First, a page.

Travis Scott has fired back at Minneapolis promoters with a countersuit after being sued for bailing on a Super Bowl LII concert.
In a response and counterclaim filed on Tuesday and obtained by PEOPLE, the rapper, born Jacques Webster, accuses Jefferson Agar, Alex Martini and Patrick Johnston with entertainment events company PJAM of failing to set up travel arrangements for his scheduled 30-minute appearance at Myth Live nightclub in Maplewood, on Feb. 3, one day before Super Bowl LII on Feb. 4.
In a statement to PEOPLE, Scott’s attorney, Howard E. King with the firm King, Holmes, Paterno & Soriano, called Agar, Martini and Johnston “three wannabe promoters.”
“In an obvious effort to shake Travis down and avoid the consequences of their breaches, they filed a spurious lawsuit while spreading specious falsehoods in the press. Rather than suing, these so-called promoters should have apologized and taken responsibility for their inability to provide the agreed-upon transportation,” King said.
The 25-year-old “Goosebumps” hitmaker also claims in his countersuit that he required PJAM to provide “exclusive first-class ground transportation on all travel legs to and from the event” in order to perform at the Marquee nightclub in Las Vegas that same night, which was arranged months prior to the Super Bowl gig.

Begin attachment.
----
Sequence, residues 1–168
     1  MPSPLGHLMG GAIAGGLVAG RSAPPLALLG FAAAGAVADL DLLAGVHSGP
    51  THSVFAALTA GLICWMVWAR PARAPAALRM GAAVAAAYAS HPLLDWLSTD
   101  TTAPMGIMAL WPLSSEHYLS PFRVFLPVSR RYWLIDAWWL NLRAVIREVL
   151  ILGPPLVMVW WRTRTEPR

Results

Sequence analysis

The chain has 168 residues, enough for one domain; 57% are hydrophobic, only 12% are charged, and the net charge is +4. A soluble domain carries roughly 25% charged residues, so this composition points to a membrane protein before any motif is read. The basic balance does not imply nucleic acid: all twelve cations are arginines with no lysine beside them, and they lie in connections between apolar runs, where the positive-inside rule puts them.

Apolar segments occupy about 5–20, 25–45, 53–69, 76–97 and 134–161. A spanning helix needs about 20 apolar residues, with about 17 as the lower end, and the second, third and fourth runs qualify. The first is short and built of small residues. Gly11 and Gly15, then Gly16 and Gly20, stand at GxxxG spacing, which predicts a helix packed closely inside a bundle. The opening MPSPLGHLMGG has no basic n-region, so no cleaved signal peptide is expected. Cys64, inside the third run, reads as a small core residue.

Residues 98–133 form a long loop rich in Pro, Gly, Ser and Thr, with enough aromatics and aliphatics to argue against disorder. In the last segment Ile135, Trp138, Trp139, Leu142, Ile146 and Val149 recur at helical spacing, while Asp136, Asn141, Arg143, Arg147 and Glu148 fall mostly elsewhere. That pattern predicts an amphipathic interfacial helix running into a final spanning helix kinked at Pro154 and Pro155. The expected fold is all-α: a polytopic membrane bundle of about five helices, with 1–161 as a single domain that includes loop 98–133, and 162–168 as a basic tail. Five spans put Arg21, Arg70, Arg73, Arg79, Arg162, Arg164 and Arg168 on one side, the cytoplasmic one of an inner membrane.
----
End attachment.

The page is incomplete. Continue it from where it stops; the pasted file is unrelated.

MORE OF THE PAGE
Scott says he received an invoice for a private aircraft but did not receive a confirmed travel itinerary even after following up with PJAM two days before the performance, therefore, he canceled because Agar, Martini and Johnston were unable to confirm flights had been booked, according to court documents.
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TMZ previously reported that Scott missed the Super Bowl appearance due to the birth of Stormi, his daughter with girlfriend Kylie Jenner.
In addition, Scott is suing the three men for breach of contract and the remainder of the $200,000 fee he is allegedly owed.
In the lawsuit filed by PJAM in March, the company claimed to have suffered “reputational harm” due to Scott’s absence and requested a jury trial. They also asked for damages, coverage of attorney’s fees and prejudgment interest.